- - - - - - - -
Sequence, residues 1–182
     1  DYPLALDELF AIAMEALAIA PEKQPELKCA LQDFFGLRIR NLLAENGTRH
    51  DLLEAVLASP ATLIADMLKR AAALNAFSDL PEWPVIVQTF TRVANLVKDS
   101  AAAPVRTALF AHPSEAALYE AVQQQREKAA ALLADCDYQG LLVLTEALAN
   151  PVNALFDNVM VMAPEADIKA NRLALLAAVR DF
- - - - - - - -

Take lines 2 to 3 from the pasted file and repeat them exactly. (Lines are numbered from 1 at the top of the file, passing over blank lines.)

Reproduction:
     1  DYPLALDELF AIAMEALAIA PEKQPELKCA LQDFFGLRIR NLLAENGTRH
    51  DLLEAVLASP ATLIADMLKR AAALNAFSDL PEWPVIVQTF TRVANLVKDS